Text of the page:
Column: Free tuition at California public colleges helped the state prosper. There’s no reason it can’t again
It wouldn’t be “free college” for all — no one anywhere is proposing that — but a state university diploma could become more affordable for many California students.
Under a new law, full-time community college students are already excused from paying course fees of $46 per unit. That’s good for both their freshman and sophomore years. The next logical step is for those students to receive two more years of tuition-free education if they transfer to a California state university.
Bottom line: California residents could obtain a CSU bachelor’s degree after four years without paying a dime in course fees or tuition. Of course, they’d still have to fork out thousands for room, board and books. So there’d be no “free college.”
The state currently is paying $85 million for the community college fee waivers. Exempting community college transfers from two years of CSU tuition would cost an additional $300 million-plus.
The state can’t afford it? Rubbish. Generations of California students — mine included — attended the University of California, state universities and community colleges tuition-free. It wasn’t until the 1970s and 1980s that tuition and course fees began creeping on campuses.
Why’d that happen? The state switched priorities and began spending its money or other stuff: enhanced welfare and healthcare for the poor, prisons and — especially — K-12 schools to compensate for property tax losses after Proposition 13 was passed in 1978.
Assemblyman Miguel Santiago (D-Los Angeles), who spearheaded the legislation to provide community college fee waivers, has just introduced a bill, AB 1862, to offer two tuition-free years at CSU for community college transfers.
To be eligible for free tuition, a transfer would need to have obtained a community college degree and taken 18 units toward a major.
“These students are absolutely prepared to be successful,” Santiago told me. “They should be able to get a [CSU] degree in two years. ... They have to make a commitment. They can’t be goofing around.”
A bill blurb reads that the measure “will encourage and incentivize more students to enroll in four-year institutions following community college, help more students graduate with less debt and will grow the number of workers with undergraduate degrees needed to compete in the global economy.”
Why didn’t he include UC in his bill? Because most community college graduates transfer to CSU, Santiago said. “This is a starting point.”
Santiago, 46, attended Moorpark College, then transferred to UCLA for his bachelor’s degree. He served on the L.A. Community College District board before being elected to the Assembly in 2014.
Current annual tuition at a Cal State school is roughly $7,300, including campus fees. That’s a relative bargain. UC tuition, with fees, is around $14,000. Private university tuition can be triple or quadruple that of UC’s.
For poor and lower middle-income students, there’s lots of financial help: state Cal Grants, federal Pell Grants and campus “institutional aid.”
Many financially pressed students get their tuitions waived. That’s good. What isn’t good is that the other students make up for it by paying higher tuition. One-third of the paying students’ tuition goes to replace the poorer kids’ tab.
It’s good public policy to exempt poor kids from tuition. But the entire public should pay for it through the state general fund.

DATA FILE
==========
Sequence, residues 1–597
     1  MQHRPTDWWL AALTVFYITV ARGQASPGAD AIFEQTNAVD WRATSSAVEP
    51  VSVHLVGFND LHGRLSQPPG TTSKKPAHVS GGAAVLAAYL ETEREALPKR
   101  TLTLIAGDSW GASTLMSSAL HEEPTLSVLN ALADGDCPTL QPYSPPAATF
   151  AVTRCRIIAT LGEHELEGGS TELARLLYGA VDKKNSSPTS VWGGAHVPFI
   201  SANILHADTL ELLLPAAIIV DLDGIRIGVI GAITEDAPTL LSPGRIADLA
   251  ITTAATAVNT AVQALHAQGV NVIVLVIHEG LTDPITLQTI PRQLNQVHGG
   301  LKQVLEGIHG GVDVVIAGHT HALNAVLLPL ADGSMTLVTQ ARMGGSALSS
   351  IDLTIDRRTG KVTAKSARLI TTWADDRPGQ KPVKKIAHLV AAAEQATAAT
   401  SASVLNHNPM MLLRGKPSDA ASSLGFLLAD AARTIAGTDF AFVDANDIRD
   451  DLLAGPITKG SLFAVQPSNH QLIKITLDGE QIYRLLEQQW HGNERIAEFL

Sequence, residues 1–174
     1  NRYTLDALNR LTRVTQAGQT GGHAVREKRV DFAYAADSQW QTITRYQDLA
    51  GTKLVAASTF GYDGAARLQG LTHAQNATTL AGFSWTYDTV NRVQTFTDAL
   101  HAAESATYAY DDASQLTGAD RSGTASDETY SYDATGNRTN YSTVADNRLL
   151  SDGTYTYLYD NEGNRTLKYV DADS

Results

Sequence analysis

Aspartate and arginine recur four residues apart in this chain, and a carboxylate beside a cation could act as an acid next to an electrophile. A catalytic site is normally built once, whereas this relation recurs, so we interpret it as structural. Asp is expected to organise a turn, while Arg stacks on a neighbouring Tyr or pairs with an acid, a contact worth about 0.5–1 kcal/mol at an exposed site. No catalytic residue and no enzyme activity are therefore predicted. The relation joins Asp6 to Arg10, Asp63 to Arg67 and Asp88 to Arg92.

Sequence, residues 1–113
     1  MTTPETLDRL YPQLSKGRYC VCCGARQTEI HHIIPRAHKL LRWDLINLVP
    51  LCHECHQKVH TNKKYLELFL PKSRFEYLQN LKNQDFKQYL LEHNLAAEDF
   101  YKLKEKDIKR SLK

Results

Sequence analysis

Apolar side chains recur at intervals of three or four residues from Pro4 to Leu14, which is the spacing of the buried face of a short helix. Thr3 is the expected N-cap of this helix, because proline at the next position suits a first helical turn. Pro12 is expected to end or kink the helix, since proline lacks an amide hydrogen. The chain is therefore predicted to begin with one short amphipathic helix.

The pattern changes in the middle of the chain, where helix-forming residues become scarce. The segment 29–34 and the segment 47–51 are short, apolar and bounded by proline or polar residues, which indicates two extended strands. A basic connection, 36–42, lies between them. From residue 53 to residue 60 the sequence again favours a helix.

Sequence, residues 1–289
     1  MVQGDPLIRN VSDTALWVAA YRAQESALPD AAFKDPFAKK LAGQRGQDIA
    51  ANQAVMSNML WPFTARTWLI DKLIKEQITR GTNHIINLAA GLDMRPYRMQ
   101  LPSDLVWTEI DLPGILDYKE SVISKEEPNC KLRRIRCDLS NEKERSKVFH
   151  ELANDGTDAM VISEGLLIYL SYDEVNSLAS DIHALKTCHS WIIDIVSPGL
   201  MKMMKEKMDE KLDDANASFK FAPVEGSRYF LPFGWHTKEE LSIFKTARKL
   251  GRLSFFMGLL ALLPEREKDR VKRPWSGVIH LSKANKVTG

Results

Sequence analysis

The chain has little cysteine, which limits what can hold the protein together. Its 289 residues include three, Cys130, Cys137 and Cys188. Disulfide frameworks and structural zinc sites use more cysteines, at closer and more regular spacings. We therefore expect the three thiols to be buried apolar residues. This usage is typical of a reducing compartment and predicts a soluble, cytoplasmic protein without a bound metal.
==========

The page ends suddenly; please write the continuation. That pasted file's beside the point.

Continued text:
Critics of free tuition for all — including some presidential candidates — object to students getting a “free ride.” But nobody is advocating for a complete freebie. Tuition represents only 25% to 30% of the cost of attending a CSU school. Housing expenses range from $10,600 annually at Cal State Fresno to about $18,000 at San Diego State,.
Total costs — tuition, housing, meals, books, parking — vary from roughly $25,000 at Cal State Stanislaus to nearly $30,000 at Cal Poly San Luis Obispo.
Free tuition has become a major issue in the presidential campaign. Democrats are divided.
Vermont Sen. Bernie Sanders kicked it off by advocating free tuition for every public university student when he ran for president in 2016. Massachusetts Sen. Elizabeth Warren agrees, saying she’d pay for it by imposing a “wealth tax” on people worth more than $50 million.
In last week’s Democratic debate, Minnesota Sen. Amy Klobuchar mischaracterized their positions as advocating “free college for all.”
Pete Buttigieg, the moderate former mayor of South Bend, Ind., put it this way:
“We’ve got to be making sure that we target our tax dollars where they will make the biggest difference. And I don’t think subsidizing the children of millionaires and billionaires to pay absolutely zero tuition at public colleges is the best use of those scarce taxpayer dollars.”
But our public libraries are free to everyone. So are public K-12 schools. At public parks and beaches, rich and poor alike pay the same fees — when there are any.
I asked Santiago why he was OK with providing free tuition for wealthy students.
“No. 1, rich kids aren’t going from high school to community college to Cal State,” he replied. “No. 2, let’s say some are. It’s an anomaly. It would probably cost more to weed them out than we’d save.”
But his bill will be a hard sell to other legislators and Gov. Gavin Newsom. They’ve all got their own pet spending projects.
“I’ve been there before,” Santiago said. “People said that about the community college fees. This will get the conversation going.”
Free tuition at California public colleges once helped the state prosper by making a BA more affordable and supplying a skilled workforce. There’s no reason it couldn’t again.
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